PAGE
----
To make matters worse, nearly 60% of those returning are families headed by single females. 59% are children between the ages of 5 and 17. Unbelievable.

Meet the (foster) parents

Joseph “Lopez” Lomong is a United States Olympic 1500-meter runner, and was the choice as the flag bearer of the United States at the Beijing Olympics Opening Ceremony.

Below is an interview featuring Robert and Barbara Rogers, who took in six Sudanese refugees in their home.  Lopez Lomong was the first of these “Lost Boys” from Sudan to enter their life and forever changed it.

He came from the lowest wrung in a third world nation. And what he’d seen in the world, this broke every rule… why don’t you talk to your friends back home?  Don’t you want to tell them about your life in America?  He said, “They could not believe me.  They just have no frame to realize how every single American lives.” He’s made us see our world a little different…

(Robert Rogers, foster parent of Lopez Lomong)

Single moms of Darfur

On day 7 of the Darfur Olypmics, Mia Farrow talks with women about their lives in the refugee camp.

Vodpod videos no longer available.
posted with vodpod (1:24m)

Women and girls living in Darfur and eastern Chad – in camps, towns and rural areas – live in constant fear of sexual violence. The perpetrators are usually men from the Sudanese security forces, militias, rebel groups and former rebel groups. Gender-based assaults occur as part of the attacks, but also in times of relative calm.

Watch the Darfur Olympics.

Darfur refugees speak out

Mia Farrow is with refugees from Darfur all throughout the Beijing Olympics. Yesterday, she met with leaders of the camp who presented her with a document voicing their needs.

1. We agree with the decision of the International Criminal Court.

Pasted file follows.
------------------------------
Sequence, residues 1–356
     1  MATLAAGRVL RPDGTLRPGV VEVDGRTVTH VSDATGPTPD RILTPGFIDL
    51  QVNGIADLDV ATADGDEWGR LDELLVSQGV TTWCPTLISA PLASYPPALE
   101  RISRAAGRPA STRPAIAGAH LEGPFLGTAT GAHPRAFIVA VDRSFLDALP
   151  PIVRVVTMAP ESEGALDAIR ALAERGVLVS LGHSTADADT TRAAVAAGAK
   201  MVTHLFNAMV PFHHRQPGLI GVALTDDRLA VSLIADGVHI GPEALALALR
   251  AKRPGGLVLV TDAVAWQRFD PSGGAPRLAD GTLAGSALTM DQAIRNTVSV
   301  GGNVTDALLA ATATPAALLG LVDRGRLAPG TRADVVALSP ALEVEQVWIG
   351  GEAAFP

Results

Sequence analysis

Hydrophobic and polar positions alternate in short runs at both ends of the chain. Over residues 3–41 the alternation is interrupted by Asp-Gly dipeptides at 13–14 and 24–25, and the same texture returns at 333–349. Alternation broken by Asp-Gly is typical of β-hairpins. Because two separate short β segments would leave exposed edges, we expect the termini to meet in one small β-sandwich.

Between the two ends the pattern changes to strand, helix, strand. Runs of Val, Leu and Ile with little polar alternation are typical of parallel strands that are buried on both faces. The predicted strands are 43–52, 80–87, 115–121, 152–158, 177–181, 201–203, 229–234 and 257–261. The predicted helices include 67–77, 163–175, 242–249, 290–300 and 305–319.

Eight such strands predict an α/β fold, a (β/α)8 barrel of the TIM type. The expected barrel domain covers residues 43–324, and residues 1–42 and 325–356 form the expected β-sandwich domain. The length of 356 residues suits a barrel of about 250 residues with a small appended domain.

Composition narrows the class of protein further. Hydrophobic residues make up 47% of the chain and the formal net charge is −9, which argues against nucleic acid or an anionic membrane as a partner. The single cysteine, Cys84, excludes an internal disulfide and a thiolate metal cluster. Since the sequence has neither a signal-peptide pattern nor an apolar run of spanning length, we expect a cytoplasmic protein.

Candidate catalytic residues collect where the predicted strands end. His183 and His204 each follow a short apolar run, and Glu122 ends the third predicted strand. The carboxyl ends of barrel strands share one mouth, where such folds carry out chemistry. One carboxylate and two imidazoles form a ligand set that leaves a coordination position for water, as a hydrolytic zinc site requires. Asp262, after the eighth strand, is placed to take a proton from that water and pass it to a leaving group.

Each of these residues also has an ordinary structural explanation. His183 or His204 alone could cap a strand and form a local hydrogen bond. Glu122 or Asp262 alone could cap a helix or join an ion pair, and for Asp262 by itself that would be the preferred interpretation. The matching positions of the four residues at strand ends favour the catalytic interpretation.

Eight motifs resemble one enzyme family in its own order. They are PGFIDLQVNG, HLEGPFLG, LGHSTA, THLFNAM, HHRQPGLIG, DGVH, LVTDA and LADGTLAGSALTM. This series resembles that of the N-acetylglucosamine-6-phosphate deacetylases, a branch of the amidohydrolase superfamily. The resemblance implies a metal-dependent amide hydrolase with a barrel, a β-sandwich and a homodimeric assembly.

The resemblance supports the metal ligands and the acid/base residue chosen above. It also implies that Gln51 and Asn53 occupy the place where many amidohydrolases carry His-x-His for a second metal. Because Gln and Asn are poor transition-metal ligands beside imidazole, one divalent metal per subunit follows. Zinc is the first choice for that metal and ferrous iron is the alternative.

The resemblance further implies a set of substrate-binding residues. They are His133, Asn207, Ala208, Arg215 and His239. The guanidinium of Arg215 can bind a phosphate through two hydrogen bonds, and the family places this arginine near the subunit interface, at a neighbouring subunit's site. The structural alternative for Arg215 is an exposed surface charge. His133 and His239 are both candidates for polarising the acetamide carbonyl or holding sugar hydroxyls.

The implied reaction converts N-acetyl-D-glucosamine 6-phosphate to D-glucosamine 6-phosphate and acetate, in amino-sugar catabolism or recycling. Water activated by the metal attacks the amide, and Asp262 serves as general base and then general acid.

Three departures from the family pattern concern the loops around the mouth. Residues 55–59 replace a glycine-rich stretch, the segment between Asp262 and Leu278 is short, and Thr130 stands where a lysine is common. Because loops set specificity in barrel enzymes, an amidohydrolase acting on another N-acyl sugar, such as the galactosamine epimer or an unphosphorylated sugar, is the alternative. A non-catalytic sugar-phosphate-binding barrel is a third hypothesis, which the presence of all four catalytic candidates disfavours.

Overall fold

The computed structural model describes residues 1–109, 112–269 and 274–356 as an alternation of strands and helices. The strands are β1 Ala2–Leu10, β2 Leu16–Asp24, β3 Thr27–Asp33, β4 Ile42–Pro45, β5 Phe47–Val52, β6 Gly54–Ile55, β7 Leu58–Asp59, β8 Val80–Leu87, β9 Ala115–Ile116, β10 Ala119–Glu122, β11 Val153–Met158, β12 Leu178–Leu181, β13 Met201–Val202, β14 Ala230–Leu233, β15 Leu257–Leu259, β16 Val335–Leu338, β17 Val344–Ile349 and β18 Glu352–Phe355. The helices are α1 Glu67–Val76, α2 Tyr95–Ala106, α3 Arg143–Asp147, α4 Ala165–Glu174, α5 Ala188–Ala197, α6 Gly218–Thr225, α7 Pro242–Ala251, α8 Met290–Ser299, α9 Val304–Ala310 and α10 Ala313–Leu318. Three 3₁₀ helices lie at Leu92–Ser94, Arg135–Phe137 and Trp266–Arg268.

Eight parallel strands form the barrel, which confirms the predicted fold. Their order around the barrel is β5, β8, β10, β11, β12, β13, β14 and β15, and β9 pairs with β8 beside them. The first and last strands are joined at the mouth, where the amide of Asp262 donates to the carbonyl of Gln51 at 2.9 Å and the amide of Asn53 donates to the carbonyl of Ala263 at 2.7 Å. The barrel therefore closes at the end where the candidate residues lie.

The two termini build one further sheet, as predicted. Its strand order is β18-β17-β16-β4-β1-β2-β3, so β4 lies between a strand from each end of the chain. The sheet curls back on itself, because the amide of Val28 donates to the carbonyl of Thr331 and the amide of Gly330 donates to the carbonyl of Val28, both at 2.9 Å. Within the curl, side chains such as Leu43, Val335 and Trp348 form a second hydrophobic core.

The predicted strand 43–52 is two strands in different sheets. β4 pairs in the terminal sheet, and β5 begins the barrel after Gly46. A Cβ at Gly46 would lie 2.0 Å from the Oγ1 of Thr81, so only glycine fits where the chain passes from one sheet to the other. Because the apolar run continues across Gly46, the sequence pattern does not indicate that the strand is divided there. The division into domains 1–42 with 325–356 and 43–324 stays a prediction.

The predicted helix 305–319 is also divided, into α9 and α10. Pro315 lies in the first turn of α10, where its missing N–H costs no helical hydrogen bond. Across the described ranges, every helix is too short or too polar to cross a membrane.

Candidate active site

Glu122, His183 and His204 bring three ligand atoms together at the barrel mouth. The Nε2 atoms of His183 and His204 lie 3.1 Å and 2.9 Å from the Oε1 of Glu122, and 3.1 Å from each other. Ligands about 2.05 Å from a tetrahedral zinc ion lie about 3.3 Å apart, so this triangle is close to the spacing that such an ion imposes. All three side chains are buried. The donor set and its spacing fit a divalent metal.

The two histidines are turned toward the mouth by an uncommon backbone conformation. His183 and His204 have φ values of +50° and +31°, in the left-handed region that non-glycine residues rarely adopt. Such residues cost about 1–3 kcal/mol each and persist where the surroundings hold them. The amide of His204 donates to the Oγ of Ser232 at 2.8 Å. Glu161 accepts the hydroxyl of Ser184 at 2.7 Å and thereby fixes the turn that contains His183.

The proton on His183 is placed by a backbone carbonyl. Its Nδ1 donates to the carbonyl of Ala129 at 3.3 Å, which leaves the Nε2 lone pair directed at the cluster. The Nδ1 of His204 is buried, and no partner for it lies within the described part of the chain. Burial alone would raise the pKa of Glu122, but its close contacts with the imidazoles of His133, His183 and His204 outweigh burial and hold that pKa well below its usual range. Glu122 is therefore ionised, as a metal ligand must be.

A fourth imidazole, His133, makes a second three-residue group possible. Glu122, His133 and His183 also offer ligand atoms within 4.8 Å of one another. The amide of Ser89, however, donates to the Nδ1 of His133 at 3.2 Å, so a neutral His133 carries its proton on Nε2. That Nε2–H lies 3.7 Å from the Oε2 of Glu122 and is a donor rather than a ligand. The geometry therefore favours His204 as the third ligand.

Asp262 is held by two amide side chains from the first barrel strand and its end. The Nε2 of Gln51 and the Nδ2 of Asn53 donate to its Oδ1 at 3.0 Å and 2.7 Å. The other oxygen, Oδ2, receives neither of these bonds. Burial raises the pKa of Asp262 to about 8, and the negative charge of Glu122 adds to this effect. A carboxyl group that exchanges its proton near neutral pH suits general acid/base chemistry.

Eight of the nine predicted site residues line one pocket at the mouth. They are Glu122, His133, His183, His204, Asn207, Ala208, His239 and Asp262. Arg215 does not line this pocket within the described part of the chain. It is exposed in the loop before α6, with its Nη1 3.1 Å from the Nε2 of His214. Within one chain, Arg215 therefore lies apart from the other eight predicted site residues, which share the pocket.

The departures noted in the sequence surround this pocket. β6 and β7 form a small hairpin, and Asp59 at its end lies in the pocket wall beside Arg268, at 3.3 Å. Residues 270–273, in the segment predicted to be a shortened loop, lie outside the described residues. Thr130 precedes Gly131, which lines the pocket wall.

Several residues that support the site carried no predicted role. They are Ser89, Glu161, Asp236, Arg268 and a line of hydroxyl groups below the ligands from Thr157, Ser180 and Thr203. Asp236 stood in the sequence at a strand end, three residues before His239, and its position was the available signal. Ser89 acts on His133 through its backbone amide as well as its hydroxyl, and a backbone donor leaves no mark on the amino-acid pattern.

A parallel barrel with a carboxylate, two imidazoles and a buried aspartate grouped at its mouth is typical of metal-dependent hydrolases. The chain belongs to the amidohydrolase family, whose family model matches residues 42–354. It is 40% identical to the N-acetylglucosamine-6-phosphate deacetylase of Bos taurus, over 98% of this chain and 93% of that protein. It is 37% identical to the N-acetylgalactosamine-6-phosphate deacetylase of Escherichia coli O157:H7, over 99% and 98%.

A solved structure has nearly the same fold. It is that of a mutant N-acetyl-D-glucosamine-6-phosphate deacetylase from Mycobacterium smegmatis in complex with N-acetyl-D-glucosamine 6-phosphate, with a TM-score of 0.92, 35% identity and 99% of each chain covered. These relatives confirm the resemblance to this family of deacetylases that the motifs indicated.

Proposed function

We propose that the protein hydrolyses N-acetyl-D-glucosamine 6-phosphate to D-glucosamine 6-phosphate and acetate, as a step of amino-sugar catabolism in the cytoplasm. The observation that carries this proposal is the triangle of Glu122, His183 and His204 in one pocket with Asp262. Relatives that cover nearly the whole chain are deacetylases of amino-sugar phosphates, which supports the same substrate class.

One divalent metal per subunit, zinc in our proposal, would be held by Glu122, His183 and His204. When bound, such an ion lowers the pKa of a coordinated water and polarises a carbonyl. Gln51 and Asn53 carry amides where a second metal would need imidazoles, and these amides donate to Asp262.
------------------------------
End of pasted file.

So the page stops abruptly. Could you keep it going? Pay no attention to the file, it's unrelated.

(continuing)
2. The refugees have no link to the International community. But they must listen to our voices, not the voice of Omar Al-Bashir.

3. Arrest all the guilty people immediately.
a. We are connected to the IDP community in Darfur. They do not have the freedom to speak.
b. We do not like African forces.We do not like the AU.

4. Disarm the Janjaweed and the military.

5. Those who occupied our land and homes must leave. Our homes must be returned to us, and our belongings.

6. We refuse to accept Government of Sudan in any humanitarian agency.

7. Stop infiltration of camps. People are entering, representing themselves as Chadians but they are Sudanese spies.

8. We need secondary schools. Our children are only given schooling up to 8th grade. If they are uneducated this means there will be more war in the future. (Education is the way for people to find things in common other than their ethnicity.)

9. We are requesting (demanding) other return of our belongings which have been taken from us. Compensation

10. They must arrest Omar Al-Bashir as quickly as possible or he will kill more. Just now we have heard many people are being killed.

Read the entire post on Mia’s blog.

– or –

Watch updates from Mia at the Darfur Olympics.